True love & behavioural syndromes in the bobtail lizard

Not the most glamorous of Australian species but perhaps the most lacking in tail. The bobtail (Tiliqua rugosa) is a large, long-lived species who’s males and females form unusually strong relationships. What’s their secret? I’ll reveal all.  It’s time to talk true love and behavioural syndromes.

Can’t be bothered reading? Check out the video below, or read on for more deats!



Known too, as the sleepy lizard or the shingle back. The bobtail can live for up to 50 years, and it’s only found here in Australia. While inactive for much of the year, they come out to breed during spring and early summer, and this is when their unusual relationships begin to bloom.

Bobtails are actually the best-documented example of monogamy in a lizard. Monogamous relationships (that’s when partners are exclusive with one another) are actually pretty rare in nature, and especially rare in reptiles. So the bobtails’ long-term love affair is certainly a strange occurrence!

Male and female pairs will stay together for 6 – 8 weeks up until breeding; they’ll then separate but find each other again during the following years’ breeding seasons too [this made me go awwww].  During this time it’s common to catch the male following closely behind the larger female as they walk around [as did this].

BUT! Is it true love that keeps them together?

IMG_4976
Is love in the air? (Image: Anna Gardiner/Public Domain)

Well probably not – more likely it’s an advantage to them – possibly because couples who’re familiar with each other are more efficient at reproducing. Or maybe it’s easier to stick to their original partner, than to find a new one or fight another individual for theirs.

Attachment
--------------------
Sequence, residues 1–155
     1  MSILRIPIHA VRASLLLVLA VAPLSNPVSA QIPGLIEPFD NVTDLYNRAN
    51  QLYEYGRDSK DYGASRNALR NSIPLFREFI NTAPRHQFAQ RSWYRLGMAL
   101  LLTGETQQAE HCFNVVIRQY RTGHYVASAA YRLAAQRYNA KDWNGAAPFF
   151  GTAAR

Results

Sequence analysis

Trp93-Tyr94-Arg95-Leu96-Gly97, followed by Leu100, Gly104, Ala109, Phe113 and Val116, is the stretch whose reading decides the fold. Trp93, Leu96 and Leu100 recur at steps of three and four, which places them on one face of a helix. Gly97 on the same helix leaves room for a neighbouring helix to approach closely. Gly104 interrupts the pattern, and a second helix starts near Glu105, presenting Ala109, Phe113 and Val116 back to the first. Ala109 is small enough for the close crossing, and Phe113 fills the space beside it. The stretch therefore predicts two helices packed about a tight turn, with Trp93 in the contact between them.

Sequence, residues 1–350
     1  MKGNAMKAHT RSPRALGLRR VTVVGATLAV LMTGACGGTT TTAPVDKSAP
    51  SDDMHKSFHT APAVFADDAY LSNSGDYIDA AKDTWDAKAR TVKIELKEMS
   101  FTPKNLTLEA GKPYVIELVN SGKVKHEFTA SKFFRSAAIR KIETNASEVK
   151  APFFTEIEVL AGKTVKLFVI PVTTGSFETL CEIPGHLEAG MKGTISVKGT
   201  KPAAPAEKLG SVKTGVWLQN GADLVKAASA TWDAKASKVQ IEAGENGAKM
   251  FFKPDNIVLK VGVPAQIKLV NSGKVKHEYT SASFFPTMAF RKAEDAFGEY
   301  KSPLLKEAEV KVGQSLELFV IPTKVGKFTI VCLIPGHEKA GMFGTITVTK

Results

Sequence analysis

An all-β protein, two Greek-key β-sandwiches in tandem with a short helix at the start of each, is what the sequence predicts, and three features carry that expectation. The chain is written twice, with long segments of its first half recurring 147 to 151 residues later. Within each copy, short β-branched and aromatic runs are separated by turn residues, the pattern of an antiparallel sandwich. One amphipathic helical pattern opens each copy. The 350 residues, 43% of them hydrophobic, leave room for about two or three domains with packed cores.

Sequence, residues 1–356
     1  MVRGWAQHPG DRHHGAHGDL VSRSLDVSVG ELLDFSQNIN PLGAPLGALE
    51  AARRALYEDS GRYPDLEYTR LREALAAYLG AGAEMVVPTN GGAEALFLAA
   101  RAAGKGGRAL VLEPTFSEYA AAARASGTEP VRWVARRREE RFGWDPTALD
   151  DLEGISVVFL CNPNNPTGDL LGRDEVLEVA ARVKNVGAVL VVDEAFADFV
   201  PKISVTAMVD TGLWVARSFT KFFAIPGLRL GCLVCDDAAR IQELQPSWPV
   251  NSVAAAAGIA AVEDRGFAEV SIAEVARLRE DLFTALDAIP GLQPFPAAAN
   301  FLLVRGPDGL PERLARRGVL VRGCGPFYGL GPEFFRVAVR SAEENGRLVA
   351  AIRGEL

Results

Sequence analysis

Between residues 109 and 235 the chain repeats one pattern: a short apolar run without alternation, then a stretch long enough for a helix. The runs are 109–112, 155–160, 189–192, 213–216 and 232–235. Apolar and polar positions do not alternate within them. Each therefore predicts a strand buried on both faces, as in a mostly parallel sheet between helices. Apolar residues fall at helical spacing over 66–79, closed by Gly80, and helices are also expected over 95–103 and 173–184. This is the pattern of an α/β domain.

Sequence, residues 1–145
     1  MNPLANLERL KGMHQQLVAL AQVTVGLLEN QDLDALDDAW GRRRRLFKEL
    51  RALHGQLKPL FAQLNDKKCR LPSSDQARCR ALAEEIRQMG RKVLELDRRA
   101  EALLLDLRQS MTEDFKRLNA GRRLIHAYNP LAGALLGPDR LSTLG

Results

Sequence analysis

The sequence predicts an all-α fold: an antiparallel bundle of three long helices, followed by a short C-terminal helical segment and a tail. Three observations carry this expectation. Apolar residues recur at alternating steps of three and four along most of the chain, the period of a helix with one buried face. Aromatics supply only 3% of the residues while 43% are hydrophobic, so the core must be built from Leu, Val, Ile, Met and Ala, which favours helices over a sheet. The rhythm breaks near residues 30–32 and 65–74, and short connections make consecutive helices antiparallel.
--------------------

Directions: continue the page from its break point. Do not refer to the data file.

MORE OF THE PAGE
What’s really interesting too, is that how strong these monogamous relationships are, may actually be affected by a behavioural syndrome that exists in the male!

A behavioural syndrome is just where multiples behaviours are linked together – so in the bobtail, studies have found that males who are aggressive are also bad at being in a relationship (who’d of thought?!).

These aggressive males either don’t find a partner or when they do they spend less time with her, increasing the likelihood that she’ll mate with someone else while his back is turned  – and he won’t be the father of all her offspring.

Less aggressive males on the other hand are much more devoted partners – they prefer not to indulge in fights with other males and instead, stick close to their female, making sure that only they mate with her.

So why be aggressive at all? For a male it seems maladaptive as they’ve a lesser chance of producing offspring. However there are likely other circumstances where being aggressive works in the males favour – such as fighting other males for a better territory to forage in.

Overall though, I think there is some key relationship advice we can all take away from here. Fellas, If you’re lucky enough to have a lovely lady in your life, don’t be aggressive. Oh and be sure to follow her around. All the time. Everywhere she goes. That way, you can ensure you’ll be the father of all her children. Yay!

The Bobtail lizard – an Australian gem and another odd organism!

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Keeping cool: A female bobtail that wandered through my backyard (image: Anna Gardiner/Public Domain)

 

References:

Bull, C. M. (2000). Monogamy in lizards. Behavioural Processes, 51(1), 7-20.

Godfrey, S. S., Bradley, J. K., Sih, A., & Bull, C. M. (2012). Lovers and fighters in sleepy lizard land: where do aggressive males fit in a social network?. Animal Behaviour, 83(1), 209-215.

Leu, S. T., Kappeler, P. M., & Bull, C. M. (2011). The influence of refuge sharing on social behaviour in the lizard Tiliqua rugosa. Behavioral ecology and sociobiology, 65(4), 837-847.

Sih, A., Bell, A. M., Johnson, J. C., & Ziemba, R. E. (2004). Behavioral syndromes: an integrative overview. The quarterly review of biology, 79(3), 241-277.

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